Verse > Anthologies > Harriet Monroe, ed. > Poetry: A Magazine of Verse, 1912–22
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Harriet Monroe, ed. (1860–1936).  Poetry: A Magazine of Verse.  1912–22.
 
Ol’ Dynamite
By Phil LeNoir
 
From “Western Poems”

THE OUTLAW stands with blindfold eyes,
  His feet set wide apart;
His coal-black hide gleams in the sun—
  Thar’s killin’ in his heart.
 
A puncher squats upon his heels,        5
  His saddle at his side;
He’s sizin’ up Ol’ Dynamite,
  That he is booked to ride.
 
The cowboy rises, lifts his saddle—
  A little tune he’s hummin’;        10
Walks cat-like all around the hoss—
  “Hold him, boys, I’m comin’!”
 
Now up above the outlaw’s back
  He lifts the load o’ leather;
Then care-ful-lee he lets it down,        15
  Like the droppin’ of a feather.
 
Ol’ Dynamite he stands stock-still,
  Plumb like a gentled pony.
A leap, a yell! an’ Buck’s all set—
  “On with the cer-e-mo-nee!”        20
 
The snubbers rip the blindfold off,
  The punchers yip and yell.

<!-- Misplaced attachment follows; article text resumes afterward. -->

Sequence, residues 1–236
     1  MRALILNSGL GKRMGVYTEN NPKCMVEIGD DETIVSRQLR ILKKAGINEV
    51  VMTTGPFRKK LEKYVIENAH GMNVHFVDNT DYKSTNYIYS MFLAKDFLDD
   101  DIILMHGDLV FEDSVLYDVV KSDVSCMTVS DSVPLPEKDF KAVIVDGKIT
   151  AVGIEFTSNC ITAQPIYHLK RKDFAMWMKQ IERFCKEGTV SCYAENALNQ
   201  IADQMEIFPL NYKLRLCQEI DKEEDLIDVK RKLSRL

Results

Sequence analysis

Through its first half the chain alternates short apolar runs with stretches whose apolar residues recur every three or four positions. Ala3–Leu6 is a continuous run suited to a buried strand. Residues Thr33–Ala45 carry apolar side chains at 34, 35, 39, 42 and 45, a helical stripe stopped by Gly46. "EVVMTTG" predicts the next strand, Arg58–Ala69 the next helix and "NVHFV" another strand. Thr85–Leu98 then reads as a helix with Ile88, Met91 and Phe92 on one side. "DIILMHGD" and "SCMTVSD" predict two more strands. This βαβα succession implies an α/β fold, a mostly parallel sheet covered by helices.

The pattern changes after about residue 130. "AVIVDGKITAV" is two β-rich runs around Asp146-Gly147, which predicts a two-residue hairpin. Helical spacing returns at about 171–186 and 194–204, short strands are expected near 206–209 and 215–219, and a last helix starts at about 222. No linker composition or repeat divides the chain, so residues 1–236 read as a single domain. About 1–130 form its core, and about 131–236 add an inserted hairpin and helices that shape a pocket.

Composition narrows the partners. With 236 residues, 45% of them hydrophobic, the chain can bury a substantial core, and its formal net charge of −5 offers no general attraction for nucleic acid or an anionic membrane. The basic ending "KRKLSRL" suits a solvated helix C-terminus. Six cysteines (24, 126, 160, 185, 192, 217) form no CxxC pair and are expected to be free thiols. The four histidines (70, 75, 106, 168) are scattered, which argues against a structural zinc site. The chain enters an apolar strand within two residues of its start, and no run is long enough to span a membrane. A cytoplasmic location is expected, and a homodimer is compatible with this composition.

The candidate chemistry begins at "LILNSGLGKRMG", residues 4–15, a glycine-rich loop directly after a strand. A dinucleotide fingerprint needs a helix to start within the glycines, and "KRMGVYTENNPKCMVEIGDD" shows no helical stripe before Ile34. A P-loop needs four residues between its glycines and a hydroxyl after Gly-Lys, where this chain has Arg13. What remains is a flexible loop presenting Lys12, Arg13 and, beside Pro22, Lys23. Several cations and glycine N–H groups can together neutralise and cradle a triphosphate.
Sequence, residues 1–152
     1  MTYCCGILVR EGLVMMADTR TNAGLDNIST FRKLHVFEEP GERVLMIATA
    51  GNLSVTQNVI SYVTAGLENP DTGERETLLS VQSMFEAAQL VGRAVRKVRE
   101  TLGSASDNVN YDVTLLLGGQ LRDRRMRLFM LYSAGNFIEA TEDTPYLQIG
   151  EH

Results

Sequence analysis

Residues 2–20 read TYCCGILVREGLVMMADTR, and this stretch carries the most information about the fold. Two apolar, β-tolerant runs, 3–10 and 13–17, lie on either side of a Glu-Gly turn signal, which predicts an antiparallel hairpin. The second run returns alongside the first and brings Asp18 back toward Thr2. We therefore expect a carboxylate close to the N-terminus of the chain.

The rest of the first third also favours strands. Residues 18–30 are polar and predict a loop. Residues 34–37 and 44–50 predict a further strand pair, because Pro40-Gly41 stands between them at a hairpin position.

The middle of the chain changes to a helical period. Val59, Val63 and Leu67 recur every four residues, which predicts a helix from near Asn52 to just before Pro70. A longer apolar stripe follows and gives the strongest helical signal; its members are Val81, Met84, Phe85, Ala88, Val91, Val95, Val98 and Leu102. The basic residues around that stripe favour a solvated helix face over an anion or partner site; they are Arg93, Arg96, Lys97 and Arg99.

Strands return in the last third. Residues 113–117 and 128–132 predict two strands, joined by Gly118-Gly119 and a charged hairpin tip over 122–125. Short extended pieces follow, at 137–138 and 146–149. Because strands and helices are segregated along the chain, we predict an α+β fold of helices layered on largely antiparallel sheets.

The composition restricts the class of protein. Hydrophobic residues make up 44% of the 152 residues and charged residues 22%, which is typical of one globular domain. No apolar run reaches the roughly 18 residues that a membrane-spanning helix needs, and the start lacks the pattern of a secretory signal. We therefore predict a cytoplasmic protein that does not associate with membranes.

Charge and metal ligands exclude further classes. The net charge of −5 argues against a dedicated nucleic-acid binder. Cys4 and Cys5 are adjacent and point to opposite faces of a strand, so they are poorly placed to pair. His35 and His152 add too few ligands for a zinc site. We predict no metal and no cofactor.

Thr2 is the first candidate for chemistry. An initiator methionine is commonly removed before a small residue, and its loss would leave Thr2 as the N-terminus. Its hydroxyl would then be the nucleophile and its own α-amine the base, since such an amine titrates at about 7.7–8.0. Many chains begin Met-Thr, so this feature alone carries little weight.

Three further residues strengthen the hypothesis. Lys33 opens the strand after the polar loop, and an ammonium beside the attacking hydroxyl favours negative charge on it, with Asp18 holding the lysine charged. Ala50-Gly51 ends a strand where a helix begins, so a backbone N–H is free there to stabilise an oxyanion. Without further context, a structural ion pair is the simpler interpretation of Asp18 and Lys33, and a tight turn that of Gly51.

Ol’ Dynamite gives one grand snort,
  Then starts his little Hell.
 
He plunges forward on his feet,        25
  His hind heels in the air.
Then up an’ down he bucks an’ backs
  Like a loco rockin’ chair.
 
But now he stops—he spins around—
  He bawls, he bites, he kicks!        30
He rares straight up into the air,
  Then down on two steel sticks.
 
But look! “My Gawd!” the crowd screams out,
  “He’s boltin’ for the stand!”
Then just as quick he jerks up short—        35
  Thar’s Buck a-stickin’ grand.
 
Buck leaps to earth, lifts his hat,
  Bows to the whirl of cheers—
Then turning slides his saddle off,
  An’ quickly disappears.        40
 
 
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